By emergy evaluation, it is possible to assess whatever the emergy paid for a resource balances the real value of what the system is exporting. In economics, it is customary to relate the cost of a good to its cost of extraction; the real value of natural resources is often underestimated. This occurs in West Virginia, which exports twice as much emergy as it receives, causing a deficit of

1.46 x 1023 sejyr_1 (about 66% of annual emergy use in the state). This is mainly due to export of coal that is about 1.50 x 1023 sej yr~\ As stated by Campbell etal.,

West Virginia received 3.56 billion dollars in net transfer payments . .. from the federal government. This money makes up about 14% of the existing emergy deficit when converted to emergy using the West Virginia emergy to dollar ratio. The question of the equity of exchange between West Virginia and the nation could be further resolved using emergy methods to systematically consider all the benefits and costs accruing to both the state and the nation as a result of their relationship.

The emergy results also show a high emergy use per capita, in contrast to many social indicators. Emergy use is concentrated in the industrial sector while the rest of the population (58%) was in rural areas and does not benefit from the empower flows.

As in the case of West Virginia, it is appropriate to exclude flow that hides other characteristics of the system from emergy evaluation. In this evaluation export of coal and electricity were excluded, revealing that the development of West Virginia has similar characteristics to that of other American states, such as Maine and North Carolina.

Table 3 West Virginia emergy indices

Name of index

Expression

Quantity

Units

Renewable emergy received

Rr

1.05E + 22

sejyr-1

Renewable emergy used

Ra

6.60E + 21

sejyr-1

In state nonrenewable

No + N

2.06E + 23

sejyr-1

Imported emergy

F + G + PI

1.59E + 23

sejyr-1

Total emergy inflows

Rr + F + G + PI

1.70E + 23

sejyr-1

Total emergy used

U = Ra + No + ^ + G + PI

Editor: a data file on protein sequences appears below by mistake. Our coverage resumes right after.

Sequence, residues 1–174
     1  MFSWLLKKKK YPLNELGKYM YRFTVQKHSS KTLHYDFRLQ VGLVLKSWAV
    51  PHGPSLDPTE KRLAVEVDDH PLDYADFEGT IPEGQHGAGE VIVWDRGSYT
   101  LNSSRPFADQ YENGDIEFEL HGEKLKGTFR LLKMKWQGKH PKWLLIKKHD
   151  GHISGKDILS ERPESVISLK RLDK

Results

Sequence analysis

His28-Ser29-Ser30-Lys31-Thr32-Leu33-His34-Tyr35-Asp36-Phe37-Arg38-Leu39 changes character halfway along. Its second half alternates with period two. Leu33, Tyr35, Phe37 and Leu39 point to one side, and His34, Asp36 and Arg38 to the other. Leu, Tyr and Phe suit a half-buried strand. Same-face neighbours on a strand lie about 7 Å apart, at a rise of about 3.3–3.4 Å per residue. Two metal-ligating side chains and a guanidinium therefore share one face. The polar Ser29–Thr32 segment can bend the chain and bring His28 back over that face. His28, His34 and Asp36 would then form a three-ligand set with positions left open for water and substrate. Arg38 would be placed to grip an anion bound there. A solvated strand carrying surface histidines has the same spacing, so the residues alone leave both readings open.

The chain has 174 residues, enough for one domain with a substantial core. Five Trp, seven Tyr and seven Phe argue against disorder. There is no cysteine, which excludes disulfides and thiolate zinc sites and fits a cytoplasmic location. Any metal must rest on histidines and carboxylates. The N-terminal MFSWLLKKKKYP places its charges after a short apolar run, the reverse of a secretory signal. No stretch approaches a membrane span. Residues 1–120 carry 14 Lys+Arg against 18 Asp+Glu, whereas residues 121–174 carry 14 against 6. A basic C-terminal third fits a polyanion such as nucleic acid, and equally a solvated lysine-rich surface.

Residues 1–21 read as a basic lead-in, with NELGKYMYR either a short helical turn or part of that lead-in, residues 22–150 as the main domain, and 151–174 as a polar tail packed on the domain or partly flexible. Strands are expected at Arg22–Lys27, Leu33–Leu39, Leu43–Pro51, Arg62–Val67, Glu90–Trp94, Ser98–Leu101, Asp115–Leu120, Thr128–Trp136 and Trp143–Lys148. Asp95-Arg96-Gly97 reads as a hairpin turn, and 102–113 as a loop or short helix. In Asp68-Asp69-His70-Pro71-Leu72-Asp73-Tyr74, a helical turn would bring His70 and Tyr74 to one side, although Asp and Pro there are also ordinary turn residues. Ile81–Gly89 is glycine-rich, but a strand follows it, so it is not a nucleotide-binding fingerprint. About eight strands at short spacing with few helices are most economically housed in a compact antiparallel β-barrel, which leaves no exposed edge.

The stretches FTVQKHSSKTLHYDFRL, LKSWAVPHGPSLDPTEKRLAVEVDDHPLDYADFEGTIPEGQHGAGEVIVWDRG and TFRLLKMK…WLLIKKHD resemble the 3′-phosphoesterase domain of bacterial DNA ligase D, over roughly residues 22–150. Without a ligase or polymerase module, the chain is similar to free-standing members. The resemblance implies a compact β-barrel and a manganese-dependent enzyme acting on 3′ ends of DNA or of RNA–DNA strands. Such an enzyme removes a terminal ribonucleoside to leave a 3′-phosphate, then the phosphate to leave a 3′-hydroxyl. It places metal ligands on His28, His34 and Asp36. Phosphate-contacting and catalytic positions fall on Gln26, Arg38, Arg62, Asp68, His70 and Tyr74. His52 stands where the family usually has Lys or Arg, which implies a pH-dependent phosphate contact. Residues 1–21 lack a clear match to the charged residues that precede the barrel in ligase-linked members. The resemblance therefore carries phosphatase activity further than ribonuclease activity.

2.21E + 23

sejyr-1

Total exported emergy

B + PE + N2

3.05E + 23

sejyr-1

Emergy used from home sources

(No + F2 + Ra)/U

0.282

Imports-exports

(F + G + PI)—(B + PE + N2)

-1.46E + 23

sejyr-1

Ratio of exports to imports

(B + PE + N2)/(F + G + PI)

1.92

Fraction of use, locally renewable

Ra/U

0.030

Fraction of use, purchased import

(F + G + Pl)/U

0.72

Fraction of use, imported service

PI/U

0.17

Fraction of use that is free

(Ra + No)/U

0.03

Ratio of purchased to free

(F1 + G + PI)/(Rr + No)

19.9

Environmental loading ratio

(F1 + No + G + PI)/Rr

20.4

Investment ratio

(F + G + PI)/(Rr + No + F2)

2.39

Use per unit area

U/Area

3.55E +12

sejm 2

Use per person

U/PopuIation

1.22E +17

sej/ind.

Renewable carrying capacity at present

(RR/U)*(PopuIation)

88.625

People

standard of living

Developed carrying capacity at same

8(R/U)*(PopuIation)

709.003

People

living standard

WV State Econ. Product

GSP

3.83E +10

$/yr

Ratio of WV emergy use to GSP

U/GSP

5.78E +12

sej/$

Ratio of US emergy use to GNP

U/GNP

1.20E +12

sej/$

Ratio of electricity/emergy use

EI/U

0.072

Ratio of Elec. Prod./emergy use

EIp/U

0.254

Emergy of fuel use per person

FueI use/popuIation

3.41E +16

sej/ind.

Population

1.81E + 06

People

Area

6.24E +10

m2

Reproduced from Campbell DE and Brandt-Williams SL (2005) Environmental accounting using emergy: Evaluation of the state of West Virginia, EPA/600/R-05/006, with permission from USEPA.